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What are business rates?

Business rates is a local tax that is paid by the occupiers of all non-domestic / business property, in the same way that council tax is a tax on domestic property.

Business rates are charged on most business properties such as shops, offices, pubs, warehouses and factories. However, the property doesn't have to be used for a business - if it is used for purposes which are not domestic it is likely to be rateable. We will send you a business rates bill each year.

Roles and responsibilities

The Valuation Office Agency (VOA) sets the rateable value of business premises by using property details such as rental information.

We use the rateable value and the business rates multiplier (set by central government) to calculate your business rates bill.

What is the rateable value?

The rateable value is assessed by the VOA, which is an agency of HM Revenue and Customs.

A property's rateable value is an assessment of the annual rent the property would rent for if it were available to let on the open market at a fixed valuation date.

  • Until 31 March 2023, the rateable values will be based on the valuation date of 1 April 2015.
  • From 1 April 2023, the rateable values will be based on the valuation date of 1 April 2021.

If you think your rateable value is incorrect, you can find and view your property details here: find and check your business rates valuation

What is a revaluation?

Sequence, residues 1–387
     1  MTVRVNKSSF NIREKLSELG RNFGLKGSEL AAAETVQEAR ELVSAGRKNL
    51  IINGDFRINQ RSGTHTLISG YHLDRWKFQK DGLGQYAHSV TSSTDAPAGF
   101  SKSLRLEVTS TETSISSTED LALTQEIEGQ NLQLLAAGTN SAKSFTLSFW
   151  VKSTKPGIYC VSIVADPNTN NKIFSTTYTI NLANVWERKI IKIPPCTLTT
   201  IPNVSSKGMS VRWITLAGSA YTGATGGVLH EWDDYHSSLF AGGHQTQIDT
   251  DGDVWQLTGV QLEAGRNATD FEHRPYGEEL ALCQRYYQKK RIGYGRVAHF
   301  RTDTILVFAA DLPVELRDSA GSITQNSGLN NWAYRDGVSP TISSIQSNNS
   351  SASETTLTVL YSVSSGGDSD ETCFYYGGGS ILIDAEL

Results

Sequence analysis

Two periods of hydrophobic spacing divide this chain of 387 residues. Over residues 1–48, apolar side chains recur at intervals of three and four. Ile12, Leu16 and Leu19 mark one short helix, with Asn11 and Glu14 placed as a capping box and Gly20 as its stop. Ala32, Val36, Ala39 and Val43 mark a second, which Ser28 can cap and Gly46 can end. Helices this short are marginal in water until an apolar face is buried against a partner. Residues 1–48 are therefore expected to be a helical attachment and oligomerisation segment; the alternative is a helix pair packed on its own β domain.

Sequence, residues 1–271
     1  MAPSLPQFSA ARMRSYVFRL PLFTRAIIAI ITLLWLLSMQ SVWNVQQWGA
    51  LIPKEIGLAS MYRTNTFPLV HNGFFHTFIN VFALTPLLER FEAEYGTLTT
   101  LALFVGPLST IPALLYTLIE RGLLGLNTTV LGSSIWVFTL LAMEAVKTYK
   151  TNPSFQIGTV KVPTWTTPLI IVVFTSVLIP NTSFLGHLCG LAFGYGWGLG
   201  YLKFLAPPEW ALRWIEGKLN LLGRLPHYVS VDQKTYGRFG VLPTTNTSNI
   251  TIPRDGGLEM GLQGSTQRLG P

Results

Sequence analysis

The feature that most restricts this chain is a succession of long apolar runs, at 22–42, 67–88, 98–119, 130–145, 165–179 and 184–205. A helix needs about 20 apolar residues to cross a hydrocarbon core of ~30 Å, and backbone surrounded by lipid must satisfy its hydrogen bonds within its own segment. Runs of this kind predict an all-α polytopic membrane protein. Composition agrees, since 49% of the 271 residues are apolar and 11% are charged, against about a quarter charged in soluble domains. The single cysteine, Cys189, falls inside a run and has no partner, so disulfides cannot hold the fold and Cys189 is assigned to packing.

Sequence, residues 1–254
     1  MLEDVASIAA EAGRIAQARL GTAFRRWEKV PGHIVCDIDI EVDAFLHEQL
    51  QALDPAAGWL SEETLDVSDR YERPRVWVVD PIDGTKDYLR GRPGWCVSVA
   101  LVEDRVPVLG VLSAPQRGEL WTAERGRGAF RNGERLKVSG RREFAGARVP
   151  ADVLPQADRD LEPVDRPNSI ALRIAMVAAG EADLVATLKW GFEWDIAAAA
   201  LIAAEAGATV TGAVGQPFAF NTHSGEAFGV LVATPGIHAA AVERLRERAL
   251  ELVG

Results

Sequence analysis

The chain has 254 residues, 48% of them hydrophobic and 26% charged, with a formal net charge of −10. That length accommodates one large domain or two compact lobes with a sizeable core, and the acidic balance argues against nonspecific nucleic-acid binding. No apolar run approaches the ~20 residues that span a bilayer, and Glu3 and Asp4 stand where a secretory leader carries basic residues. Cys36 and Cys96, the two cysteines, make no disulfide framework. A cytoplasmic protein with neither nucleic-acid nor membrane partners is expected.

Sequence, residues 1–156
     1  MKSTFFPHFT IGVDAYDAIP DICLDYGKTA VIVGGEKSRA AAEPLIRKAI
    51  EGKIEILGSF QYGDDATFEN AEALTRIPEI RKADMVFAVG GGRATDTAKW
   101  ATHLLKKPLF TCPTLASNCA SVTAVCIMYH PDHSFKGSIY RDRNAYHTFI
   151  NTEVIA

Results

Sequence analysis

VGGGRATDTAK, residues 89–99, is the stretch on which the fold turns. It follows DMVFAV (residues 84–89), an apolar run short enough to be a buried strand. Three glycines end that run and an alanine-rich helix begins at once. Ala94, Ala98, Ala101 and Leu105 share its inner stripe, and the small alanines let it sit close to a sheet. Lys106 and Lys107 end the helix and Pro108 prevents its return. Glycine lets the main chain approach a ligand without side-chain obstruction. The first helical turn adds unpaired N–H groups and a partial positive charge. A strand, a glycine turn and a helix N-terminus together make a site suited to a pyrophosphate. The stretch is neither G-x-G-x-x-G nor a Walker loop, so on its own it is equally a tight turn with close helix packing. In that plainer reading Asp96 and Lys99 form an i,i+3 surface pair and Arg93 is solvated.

The VOA regularly updates the rateable values of all business and other non-domestic properties (properties that are not just private homes) in England and Wales. This is called a revaluation. The latest revaluation comes into effect 1 April 2023.

Rateable values are the amount of rent a property could have been let for on a set valuation date. For the 2023 valuation, that date was 1 April 2021.

We use these rateable values to calculate business rates bills.

Revaluations are carried out to reflect changes in the property market, which means that business rates bills are based on more up-to-date information.

How can I find out more about revaluation?

For more information on the 2023 revaluation, rateable values, and business rates go to introduction to business rates.

Transitional relief

We put in place transitional arrangements (also known as transitional relief) which limit how much your bill can change each year as a result of revaluation. This means changes increases to your bill are phased in gradually, if you're eligible.

You get transitional relief if your:

  • property is in England
  • rates go up by more than a certain amount

We will adjust your bill automatically if you're eligible, and this will show on the front of your bill.

How much your bill can change by

How much your bill can change by from one year to the next depends on:

  • your property's rateable value

You stop getting transitional relief when your bill reaches the full amount set by a revaluation.

Non-domestic rating multiplier

The non-domestic rating multipliers are set by the government each year. For 2024/25 this has been set at 54.6p for properties with a rateable value of £51,000 and above and 49.9p for properties with a rateable value up to £50,999.

When the rateable value is multiplied by the relevant non-domestic rating multiplier, this gives the basic amount you must pay for the financial year.

This figure could be further adjusted as a result of any relief you may be entitled to.  See our rate relief page for more information.

What if I think my rateable value or rating list entry is incorrect?

If you think either your rateable value or rating list entry is incorrect, you can make an appeal to the VOA asking for it to be changed. See our business rates appeals page for more information.